Gov. Walz activates Minnesota National Guard as Crookston residents battle rising waters
The Emergency Operations Center in Crookston opened around 10 a.m. on Saturday, April 23, and sandbagging operations started around noon. Since then, volunteers have been working to fill and pile sandbags. More volunteers are needed.
CROOKSTON, Minn. – As the Red Lake River continued to rise on Sunday, April 24, in Crookston, Minnesota, Gov. Tim Walz declared a peacetime emergency and authorized the Minnesota National Guard to assist in flood operations, offering personnel, equipment and resources.
Polk County's sheriff and emergency manager requested National Guard assistance with emergency sandbagging, patrol of flood protection systems and potential evacuation operations, according to a release from the governor's office.
“When our neighbors are in trouble, we step up to lend a hand,” Walz said in a statement. “I am proud that the Minnesota National Guard has answered this call to serve. The support of the Guard will be critical to ensuring the safety of Minnesotans during this difficult time.”
Meanwhile, city employees and volunteers have worked around the clock to contain the flood.
The Emergency Operations Center in Crookston opened around 10 a.m. on Saturday and sandbagging operations started around noon. Since then, volunteers have been working to fill and pile sandbags. More volunteers are needed.
“We’ve had a lot of volunteers show up but they’re in desperate need of some relief,” said Chief of Police Darin Selzler.
As of Sunday afternoon, the Red Lake River had already passed the major flood stage at 26.33 feet. The flood stage in Crookston is 15 feet, the moderate flood stage is 20 feet and anything above 23 feet is considered a major flood. Selzler said city protection goes to 31 feet.
On Sunday afternoon, the weather service adjusted its peak crest for the Red Lake River by about half a foot to 28.5 feet. While slightly lower than the initial predicted crest, that would still top the city’s flood record, which was set in 1997 at 28.4 feet.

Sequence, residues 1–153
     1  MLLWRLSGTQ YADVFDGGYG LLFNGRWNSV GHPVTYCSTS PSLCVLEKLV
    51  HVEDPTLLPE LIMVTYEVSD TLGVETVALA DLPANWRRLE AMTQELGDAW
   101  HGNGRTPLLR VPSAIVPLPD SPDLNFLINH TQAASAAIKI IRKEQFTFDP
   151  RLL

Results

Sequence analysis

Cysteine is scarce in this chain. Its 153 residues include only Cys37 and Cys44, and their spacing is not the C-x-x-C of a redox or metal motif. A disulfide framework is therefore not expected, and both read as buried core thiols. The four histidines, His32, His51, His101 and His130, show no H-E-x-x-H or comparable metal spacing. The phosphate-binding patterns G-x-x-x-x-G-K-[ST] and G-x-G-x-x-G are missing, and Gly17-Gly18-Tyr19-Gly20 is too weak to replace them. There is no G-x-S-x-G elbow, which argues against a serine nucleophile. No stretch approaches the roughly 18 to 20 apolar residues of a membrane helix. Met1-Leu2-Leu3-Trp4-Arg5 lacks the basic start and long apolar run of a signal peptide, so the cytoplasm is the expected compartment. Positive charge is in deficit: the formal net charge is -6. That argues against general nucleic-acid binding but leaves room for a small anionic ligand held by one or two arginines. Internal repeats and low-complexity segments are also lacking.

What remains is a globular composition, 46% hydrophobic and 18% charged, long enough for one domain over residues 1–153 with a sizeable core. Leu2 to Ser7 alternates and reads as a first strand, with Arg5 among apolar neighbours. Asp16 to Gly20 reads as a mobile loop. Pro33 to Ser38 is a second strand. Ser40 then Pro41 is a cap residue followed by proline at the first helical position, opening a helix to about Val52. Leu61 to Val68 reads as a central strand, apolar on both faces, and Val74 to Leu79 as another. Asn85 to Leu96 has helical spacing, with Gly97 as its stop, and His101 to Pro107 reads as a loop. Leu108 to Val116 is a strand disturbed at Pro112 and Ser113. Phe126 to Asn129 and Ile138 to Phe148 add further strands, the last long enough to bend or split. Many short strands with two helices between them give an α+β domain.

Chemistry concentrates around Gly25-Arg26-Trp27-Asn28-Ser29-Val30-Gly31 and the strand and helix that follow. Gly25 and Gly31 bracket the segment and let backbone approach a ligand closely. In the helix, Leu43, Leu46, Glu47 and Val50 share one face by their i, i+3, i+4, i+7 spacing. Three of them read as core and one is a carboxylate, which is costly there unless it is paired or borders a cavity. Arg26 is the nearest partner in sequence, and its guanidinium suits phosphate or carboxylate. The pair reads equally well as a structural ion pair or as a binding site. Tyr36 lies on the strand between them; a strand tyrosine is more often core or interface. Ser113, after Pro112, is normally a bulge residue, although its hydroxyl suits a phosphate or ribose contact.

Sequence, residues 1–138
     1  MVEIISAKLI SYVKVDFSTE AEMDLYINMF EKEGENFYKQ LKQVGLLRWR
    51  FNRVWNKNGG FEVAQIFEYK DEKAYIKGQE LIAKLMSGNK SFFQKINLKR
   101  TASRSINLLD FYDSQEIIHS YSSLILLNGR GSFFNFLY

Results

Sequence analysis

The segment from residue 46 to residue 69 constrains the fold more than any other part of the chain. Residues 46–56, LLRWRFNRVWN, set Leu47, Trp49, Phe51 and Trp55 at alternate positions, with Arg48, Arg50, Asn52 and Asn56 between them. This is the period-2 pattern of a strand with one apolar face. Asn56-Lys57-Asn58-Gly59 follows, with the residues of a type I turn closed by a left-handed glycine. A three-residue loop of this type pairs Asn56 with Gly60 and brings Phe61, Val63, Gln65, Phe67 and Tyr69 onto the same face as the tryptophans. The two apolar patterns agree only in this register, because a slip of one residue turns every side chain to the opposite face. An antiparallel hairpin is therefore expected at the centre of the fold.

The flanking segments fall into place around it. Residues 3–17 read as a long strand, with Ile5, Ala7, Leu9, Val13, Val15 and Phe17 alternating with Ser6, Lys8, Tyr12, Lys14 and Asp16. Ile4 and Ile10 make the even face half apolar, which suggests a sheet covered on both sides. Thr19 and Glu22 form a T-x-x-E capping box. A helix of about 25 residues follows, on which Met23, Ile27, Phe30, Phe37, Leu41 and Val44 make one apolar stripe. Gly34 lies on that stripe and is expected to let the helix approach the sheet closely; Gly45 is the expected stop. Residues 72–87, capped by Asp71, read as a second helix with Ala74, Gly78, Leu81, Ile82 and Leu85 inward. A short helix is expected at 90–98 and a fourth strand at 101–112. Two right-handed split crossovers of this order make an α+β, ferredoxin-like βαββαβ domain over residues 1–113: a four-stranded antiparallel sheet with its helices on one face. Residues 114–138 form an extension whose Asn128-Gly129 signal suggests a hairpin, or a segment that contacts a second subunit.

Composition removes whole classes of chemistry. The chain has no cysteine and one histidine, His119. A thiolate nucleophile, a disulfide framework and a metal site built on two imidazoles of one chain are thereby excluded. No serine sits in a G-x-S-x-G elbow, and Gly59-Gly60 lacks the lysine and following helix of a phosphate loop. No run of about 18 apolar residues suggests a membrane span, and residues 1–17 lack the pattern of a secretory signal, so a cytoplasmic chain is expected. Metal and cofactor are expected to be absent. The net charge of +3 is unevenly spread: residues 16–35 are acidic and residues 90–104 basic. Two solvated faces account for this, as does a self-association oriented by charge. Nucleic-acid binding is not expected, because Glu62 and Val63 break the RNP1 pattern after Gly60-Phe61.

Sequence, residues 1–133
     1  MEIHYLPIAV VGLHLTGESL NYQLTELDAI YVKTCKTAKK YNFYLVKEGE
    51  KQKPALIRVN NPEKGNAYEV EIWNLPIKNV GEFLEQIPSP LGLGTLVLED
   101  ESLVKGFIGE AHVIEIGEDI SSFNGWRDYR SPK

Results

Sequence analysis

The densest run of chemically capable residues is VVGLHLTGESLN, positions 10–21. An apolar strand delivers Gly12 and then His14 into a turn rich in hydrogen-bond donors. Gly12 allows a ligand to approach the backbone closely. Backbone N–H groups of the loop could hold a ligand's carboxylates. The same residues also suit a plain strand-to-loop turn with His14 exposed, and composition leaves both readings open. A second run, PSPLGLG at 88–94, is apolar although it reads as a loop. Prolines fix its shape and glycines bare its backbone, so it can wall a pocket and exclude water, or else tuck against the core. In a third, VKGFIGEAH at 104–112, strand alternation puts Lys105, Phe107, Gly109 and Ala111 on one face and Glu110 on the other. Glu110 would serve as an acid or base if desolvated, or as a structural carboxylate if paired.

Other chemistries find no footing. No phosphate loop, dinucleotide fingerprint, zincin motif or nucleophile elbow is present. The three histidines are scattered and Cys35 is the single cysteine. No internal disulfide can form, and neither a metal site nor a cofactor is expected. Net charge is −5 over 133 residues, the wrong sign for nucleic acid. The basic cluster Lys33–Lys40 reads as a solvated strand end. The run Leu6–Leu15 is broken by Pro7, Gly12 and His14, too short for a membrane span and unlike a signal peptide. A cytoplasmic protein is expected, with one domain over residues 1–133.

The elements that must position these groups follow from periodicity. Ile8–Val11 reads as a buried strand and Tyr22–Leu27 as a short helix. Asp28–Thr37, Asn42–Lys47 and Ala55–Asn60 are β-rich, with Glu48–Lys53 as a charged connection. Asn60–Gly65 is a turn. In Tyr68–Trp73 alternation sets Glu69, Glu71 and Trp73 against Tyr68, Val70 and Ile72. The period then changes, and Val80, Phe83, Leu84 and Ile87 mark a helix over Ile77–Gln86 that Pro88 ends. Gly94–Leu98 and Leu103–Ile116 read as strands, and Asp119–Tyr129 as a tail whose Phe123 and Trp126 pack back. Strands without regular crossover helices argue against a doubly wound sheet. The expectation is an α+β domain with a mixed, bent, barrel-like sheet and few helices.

Crookston Minnesota city was in urgent need of sandbaggers on Sunday as “several city structures are in immediate peril,” according to a city post shared on Facebook.
The main locations of concern on Sunday were near the Crookston Public Library under the East Roberts Street bridge and South Main Street near the Fire Department. On Sunday, the walls of sandbags near the library were being reinforced with clay, while volunteers continued to sandbag near the fire station and other low points in town.
By late morning on Sunday, water had spilled onto the South Main Street underpass, where volunteers waded through water to continue to build a wall of sandbags.
Phil Huck, Vickie Huck and their daughter Olivia Huck were on their way to help sandbag near the firehouse on Sunday morning. They live outside of town and on higher ground, but still thought it was important to help protect the town from the rising water.
“This is our community,” said Vickie Huck.
“This is where our friends work, this is where our school is. This is important,” said Phil Huck.
Phil and Vickie Huck said the storm and flood were reminiscent of the flood in Fargo in 1997. They helped to sandbag then as well.
“My wife was tearing up in the bathroom as we were getting ready to go saying ‘I don’t know if we can do this again,’” said Phil Huck. “Here we are.”
Along with volunteers in Crookston filling sandbags, prefilled sandbags are being shipped in from Moorhead.
“Polk County Emergency Director Jody Beauchane was able to locate like 30,000 prefilled sandbags they’re willing to part with,” said Selzler.
Polk County crews brought two trucks with around 900 sandbags from Moorhead on Saturday. They brought more on Sunday.
The East Grand Forks Fire Department also planned to bus volunteers from East Grand Forks to Crookston to help with the flood fight.
The Red Cross set up an emergency shelter on Sunday at the Crookston Sports Center on Fisher Avenue, where people affected by flooding can sleep and get three meals each day. Walmart in Crookston has donated water and snacks, and Happy Joe’s Pizza & Ice Cream has donated pizza.
As of Sunday, all evacuation was voluntary, and Sandra Heggeness, Red Cross shelter supervisor, said there had already been a few check-ins so far. She said the Red Cross crew does not have any expectations about how many people will use the shelter or how long it will be available for those affected by flooding.
“We really don’t know. We’ll just have to see what happens,” said Heggeness.
Other places in eastern North Dakota and northwestern Minnesota are also likely to see flooding in the coming days.
Sandbags are being filled at the City Street Shop at 319 3rd Ave. S. in Crookston. For more information, contact Crookston’s Emergency Operations Center at 218-281-4363 or 218-281-4383.